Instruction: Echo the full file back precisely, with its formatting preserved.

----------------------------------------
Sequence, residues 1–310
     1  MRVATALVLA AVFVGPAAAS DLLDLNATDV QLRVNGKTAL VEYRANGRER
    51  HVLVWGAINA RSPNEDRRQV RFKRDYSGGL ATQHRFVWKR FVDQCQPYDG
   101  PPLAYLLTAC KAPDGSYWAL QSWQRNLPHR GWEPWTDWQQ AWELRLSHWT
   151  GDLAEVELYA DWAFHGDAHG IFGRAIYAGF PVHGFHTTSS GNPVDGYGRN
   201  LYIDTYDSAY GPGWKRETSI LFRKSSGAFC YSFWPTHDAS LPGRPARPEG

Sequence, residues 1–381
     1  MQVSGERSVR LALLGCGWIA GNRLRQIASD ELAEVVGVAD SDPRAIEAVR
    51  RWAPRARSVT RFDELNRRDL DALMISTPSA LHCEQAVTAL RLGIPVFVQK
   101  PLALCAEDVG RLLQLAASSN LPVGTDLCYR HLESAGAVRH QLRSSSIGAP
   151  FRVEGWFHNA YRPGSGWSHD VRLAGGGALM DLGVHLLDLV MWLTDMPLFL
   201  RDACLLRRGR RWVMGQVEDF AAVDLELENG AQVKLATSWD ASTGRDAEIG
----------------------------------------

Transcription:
Sequence, residues 1–310
     1  MRVATALVLA AVFVGPAAAS DLLDLNATDV QLRVNGKTAL VEYRANGRER
    51  HVLVWGAINA RSPNEDRRQV RFKRDYSGGL ATQHRFVWKR FVDQCQPYDG
   101  PPLAYLLTAC KAPDGSYWAL QSWQRNLPHR GWEPWTDWQQ AWELRLSHWT
   151  GDLAEVELYA DWAFHGDAHG IFGRAIYAGF PVHGFHTTSS GNPVDGYGRN
   201  LYIDTYDSAY GPGWKRETSI LFRKSSGAFC YSFWPTHDAS LPGRPARPEG

Sequence, residues 1–381
     1  MQVSGERSVR LALLGCGWIA GNRLRQIASD ELAEVVGVAD SDPRAIEAVR
    51  RWAPRARSVT RFDELNRRDL DALMISTPSA LHCEQAVTAL RLGIPVFVQK
   101  PLALCAEDVG RLLQLAASSN LPVGTDLCYR HLESAGAVRH QLRSSSIGAP
   151  FRVEGWFHNA YRPGSGWSHD VRLAGGGALM DLGVHLLDLV MWLTDMPLFL
   201  RDACLLRRGR RWVMGQVEDF AAVDLELENG AQVKLATSWD ASTGRDAEIG